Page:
They say that money can't buy everything, and they're right. For some things, you've got to put away your wallet. Instead, barter!
If you must have the new Madonna CD but your piggy bank has run dry -- or if exchanging goods for money at auction sites just seems too pedestrian -- then head over to one of the Web's swapping sites. Everyone has stacks of unwanted CDs, books, and other stuff. These sites help you find someone who wants them and has something that you want.
Like auction sites, there are many swap sites to choose from: some are popular, some are not. Some have a narrow focus (like music trades) while others have a broad scope. And like auction sites, these barter sites take a few cents every time you complete a transaction.
WebSwap (www.webswap.com) breaks down one's life into two categories: "haves" and "wants." First, create lists of the things you have and are willing to part with (perhaps your unloved Beanie Babies) and the things lacking in your life (a portable CD player?) As other users browse the listings, they can make offers -- would you accept a broken down 8-track deck for your mint Bumble the bee? Webswap offers a diverse range of categories, from computers and CDs to toys and trading cards. The site charges a transaction fee based on the estimated value of your items, with a minimum of 50 cents.
Swap.com (www.swap.com) is geared toward kids. It includes features to protect the privacy of those under 18, including the ability to swap without revealing your home address. The kid-oriented categories include clothes, skate 'n' surf, comic books, and video games. Swaps are free until June 1, then will cost 77 cents each.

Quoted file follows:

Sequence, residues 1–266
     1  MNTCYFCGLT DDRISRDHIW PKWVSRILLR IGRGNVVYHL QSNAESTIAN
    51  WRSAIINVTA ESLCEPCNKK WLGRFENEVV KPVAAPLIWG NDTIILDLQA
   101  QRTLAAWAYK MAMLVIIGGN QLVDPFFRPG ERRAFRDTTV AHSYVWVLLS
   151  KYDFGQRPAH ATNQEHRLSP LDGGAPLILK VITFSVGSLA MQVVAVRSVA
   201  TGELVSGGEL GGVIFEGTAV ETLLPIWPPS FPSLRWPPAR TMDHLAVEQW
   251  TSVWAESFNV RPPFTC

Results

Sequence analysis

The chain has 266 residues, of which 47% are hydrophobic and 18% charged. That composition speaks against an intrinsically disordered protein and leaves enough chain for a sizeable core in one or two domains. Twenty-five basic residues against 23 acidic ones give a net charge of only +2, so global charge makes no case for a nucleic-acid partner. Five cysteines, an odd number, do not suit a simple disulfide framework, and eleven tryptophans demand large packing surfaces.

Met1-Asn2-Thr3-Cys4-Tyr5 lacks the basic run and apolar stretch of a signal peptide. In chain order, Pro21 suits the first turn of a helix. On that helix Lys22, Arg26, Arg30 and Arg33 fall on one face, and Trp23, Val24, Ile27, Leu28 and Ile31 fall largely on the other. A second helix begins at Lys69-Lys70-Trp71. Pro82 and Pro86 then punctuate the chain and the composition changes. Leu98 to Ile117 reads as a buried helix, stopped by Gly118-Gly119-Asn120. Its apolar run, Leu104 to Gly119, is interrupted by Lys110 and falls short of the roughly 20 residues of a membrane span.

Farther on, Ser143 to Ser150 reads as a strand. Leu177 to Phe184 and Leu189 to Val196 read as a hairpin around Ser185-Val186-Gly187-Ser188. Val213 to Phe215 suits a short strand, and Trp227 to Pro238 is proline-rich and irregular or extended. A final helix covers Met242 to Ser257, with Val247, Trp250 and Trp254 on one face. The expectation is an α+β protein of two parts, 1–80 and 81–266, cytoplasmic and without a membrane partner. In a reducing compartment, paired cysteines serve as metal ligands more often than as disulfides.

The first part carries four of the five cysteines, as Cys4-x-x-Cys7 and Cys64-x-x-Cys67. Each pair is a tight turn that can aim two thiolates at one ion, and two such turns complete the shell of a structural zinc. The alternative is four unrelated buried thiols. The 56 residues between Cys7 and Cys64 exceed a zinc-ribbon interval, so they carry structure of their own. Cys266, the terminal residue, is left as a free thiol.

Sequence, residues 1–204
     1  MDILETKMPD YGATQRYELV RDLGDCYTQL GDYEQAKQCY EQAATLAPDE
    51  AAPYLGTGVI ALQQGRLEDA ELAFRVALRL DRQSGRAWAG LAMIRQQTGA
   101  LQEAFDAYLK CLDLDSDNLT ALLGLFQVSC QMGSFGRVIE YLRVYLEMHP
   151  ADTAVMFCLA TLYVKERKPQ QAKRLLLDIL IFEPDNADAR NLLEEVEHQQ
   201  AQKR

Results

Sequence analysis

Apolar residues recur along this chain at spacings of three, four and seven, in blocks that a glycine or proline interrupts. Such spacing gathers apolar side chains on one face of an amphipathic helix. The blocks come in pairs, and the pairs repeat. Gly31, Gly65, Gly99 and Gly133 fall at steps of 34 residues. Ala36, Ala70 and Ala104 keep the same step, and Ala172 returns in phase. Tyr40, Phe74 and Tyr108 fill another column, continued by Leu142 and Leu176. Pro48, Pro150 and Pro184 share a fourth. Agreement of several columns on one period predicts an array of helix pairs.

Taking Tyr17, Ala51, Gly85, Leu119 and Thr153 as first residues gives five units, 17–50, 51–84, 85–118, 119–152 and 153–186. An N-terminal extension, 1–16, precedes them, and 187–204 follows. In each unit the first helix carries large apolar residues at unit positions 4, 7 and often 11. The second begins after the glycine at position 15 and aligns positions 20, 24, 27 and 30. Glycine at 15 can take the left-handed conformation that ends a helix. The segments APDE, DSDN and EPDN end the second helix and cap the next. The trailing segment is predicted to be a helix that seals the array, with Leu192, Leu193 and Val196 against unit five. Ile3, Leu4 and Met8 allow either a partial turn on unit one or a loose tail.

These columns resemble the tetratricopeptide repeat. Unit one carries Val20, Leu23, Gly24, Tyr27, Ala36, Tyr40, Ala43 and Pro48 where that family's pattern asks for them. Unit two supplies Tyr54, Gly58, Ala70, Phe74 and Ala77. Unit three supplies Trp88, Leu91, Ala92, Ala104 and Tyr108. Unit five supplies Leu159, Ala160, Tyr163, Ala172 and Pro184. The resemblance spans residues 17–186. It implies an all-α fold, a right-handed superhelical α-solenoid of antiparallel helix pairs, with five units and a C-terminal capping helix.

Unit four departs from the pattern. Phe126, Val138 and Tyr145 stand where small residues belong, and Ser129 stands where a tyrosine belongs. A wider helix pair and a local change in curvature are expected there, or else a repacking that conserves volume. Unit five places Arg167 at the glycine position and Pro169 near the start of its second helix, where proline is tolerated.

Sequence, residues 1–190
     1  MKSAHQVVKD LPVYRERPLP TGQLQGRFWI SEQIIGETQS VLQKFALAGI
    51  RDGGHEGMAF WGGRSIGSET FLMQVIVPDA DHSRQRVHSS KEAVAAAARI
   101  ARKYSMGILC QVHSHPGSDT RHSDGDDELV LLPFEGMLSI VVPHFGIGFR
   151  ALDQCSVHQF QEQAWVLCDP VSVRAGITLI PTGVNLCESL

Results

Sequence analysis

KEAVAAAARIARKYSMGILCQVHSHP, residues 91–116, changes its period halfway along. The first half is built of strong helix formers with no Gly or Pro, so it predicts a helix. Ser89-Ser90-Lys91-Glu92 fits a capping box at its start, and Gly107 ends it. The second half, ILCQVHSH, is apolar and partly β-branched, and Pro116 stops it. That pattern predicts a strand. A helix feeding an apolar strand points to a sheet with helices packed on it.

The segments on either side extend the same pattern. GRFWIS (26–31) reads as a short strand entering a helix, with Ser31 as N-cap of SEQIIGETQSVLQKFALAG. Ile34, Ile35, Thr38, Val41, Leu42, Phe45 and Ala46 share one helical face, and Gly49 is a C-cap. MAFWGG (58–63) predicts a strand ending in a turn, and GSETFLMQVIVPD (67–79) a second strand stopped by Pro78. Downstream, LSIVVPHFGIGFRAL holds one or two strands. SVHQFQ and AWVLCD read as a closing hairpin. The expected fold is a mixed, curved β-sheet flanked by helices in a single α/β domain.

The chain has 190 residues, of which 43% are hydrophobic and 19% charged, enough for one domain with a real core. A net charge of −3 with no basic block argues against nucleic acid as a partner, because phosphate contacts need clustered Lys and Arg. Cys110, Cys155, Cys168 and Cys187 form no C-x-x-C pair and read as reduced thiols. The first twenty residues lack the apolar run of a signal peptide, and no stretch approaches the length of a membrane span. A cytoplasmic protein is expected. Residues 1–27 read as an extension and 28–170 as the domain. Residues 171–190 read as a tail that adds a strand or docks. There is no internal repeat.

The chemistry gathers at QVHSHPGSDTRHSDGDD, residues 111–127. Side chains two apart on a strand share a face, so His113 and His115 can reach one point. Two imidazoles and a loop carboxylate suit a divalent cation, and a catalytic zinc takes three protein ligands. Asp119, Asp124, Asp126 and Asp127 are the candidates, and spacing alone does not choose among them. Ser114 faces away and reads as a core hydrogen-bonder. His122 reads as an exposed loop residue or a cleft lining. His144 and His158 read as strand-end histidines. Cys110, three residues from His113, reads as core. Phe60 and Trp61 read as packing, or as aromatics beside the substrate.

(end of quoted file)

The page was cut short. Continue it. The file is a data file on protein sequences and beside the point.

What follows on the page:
Swapping sites are a relatively new phenomenon compared to online auctions. So, many of these sites have a lot of potential but haven't reached full speed with a healthy number of users and listings. The following sites are worth visiting, but need to gain momentum before they can be exceptional swapping communities.
Qswap (www.qswap.com) allows users to trade music, games, movies, and books. Intellibarter (www.intellibarter.com) lets users buy, sell, and trade items such as show tickets, trading cards, and antiques. The service is free for now -- eventually the site will take 50 cents per trade. YesSwap (www.yesswap.com) is for trading CDs and movies, and Xchangecity (www.xchangecity.com) focuses on video games and DVDs.
Just launched last week and still in "preview" mode, MrSwap (mrswap.com) allows members to trade music, movies, and video games. Its unique SwapPoints feature allows users to build credit by trading items for points, then purchase items from other users with those points. The idea is you don't have to wait for someone who wants to trade their Willie Nelson CD for Garth Brooks. Instead, you can send Garth to one person and use those credits to buy Willie from someone else.